Posted by: salamandercandy | July 17, 2006

Lowering the Ivory Tower with Molecular Evolution

Can molecular evolution help bridge the gap between professional scientists and everyone else? At first this might sound ridiculous, since molecular evolution is a highly technical scientific field, requiring intimate knowledge of biochemistry, statistics, and a great deal of theory. When I try to discuss my research with non-scientists, I struggle to explain basic concepts like the neutral theory, cladistics, or correcting for multiple substitutions. On the other hand, every scientific field is hard to understand, but curious amateurs frequently tackle complex ideas even without formal education. Because of the vast amount of bioinformatic data freely available on the web, it’s possible to do cutting-edge research in molecular evolution at essentially no cost, if you know what you’re doing. Promoting molecular evolution as a geeky hobby could be good for both scientific progress and public awareness of it.

As I have explained elsewhere, every DNA sequence used in a peer-reviewed publication is deposited in an online database, GenBank. Using a variety of free software, you can analyze these sequences and see how they’re related to each other, what kinds of evolutionary forces have caused them to diverge, and what sorts of functions uncharacterized genes are likely to have. For the most part, this hasn’t already been done; a gene is usually sequenced for a particular reason, and all the other interesting questions you could ask about that sequence are ignored. Who knows what truths might be quietly sitting on the web, waiting to be discovered by someone who puts the pieces together?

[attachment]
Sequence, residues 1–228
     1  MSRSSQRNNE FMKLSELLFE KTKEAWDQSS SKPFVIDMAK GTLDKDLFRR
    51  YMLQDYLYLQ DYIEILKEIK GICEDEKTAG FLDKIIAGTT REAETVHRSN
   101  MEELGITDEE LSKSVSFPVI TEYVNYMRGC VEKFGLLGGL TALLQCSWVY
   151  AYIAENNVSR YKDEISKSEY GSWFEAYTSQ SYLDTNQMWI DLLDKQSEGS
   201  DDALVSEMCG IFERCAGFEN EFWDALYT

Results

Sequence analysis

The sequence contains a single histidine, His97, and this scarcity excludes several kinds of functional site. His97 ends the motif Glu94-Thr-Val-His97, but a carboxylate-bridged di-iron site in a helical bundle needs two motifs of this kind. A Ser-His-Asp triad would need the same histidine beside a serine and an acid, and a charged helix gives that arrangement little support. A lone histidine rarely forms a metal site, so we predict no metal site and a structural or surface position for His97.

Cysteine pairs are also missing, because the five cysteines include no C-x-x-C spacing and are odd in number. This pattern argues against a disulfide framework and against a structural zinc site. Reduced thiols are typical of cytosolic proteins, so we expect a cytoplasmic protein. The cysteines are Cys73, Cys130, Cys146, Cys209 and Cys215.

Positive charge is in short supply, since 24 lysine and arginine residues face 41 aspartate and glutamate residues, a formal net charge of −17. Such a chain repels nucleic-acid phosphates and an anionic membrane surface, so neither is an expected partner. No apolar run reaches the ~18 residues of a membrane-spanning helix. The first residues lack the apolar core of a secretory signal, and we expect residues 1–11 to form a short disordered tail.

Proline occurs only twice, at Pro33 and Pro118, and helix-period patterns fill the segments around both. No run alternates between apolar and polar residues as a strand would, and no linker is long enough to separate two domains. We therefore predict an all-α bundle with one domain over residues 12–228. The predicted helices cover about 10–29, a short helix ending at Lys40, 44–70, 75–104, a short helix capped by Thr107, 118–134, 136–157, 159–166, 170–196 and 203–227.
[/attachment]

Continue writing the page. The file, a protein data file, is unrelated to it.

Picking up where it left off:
Skeptics might groan that sitting at a computer analyzing molecular data sounds far too boring for anyone but the academic elite to ever attempt it. Sure, lots of people are interested in science, argue the skeptics, but they dream about its more romantic, exciting aspects: trekking through the rainforest searching for a cure for cancer, traveling to outer space, tracking a herd of wildebeest by helicopter, creating and testing new explosives, and so on. Most science-based pastimes try to mimic those thrills with hands-on, outdoor activities: model rockets, butterfly collections, chemistry sets, and so on. But… humans display incredible variety in their passions. Many people already spend hours of their free time in front of a monitor, just surfing the web or playing video games. When I was a teenager, if I had had access to a fast computer, millions of DNA sequences, the right analysis software, and a good academic library, I might have spent days playing around with the data. Granted, I was much nerdier than most teenagers, but other folks like me are out there. And it would have two advantages over most science-based hobbies. First, it costs essentially nothing if you already have a computer with an internet connection anyway, and second, if you know what you’re doing you have a good chance of generating publishable results for a real peer-reviewed scientific journal. Not everyone will know what they’re doing, of course, but the possibility of figuring out something really novel is a good motivator, and anyone who tried would certainly learn a lot, even without getting a paper out of the experience.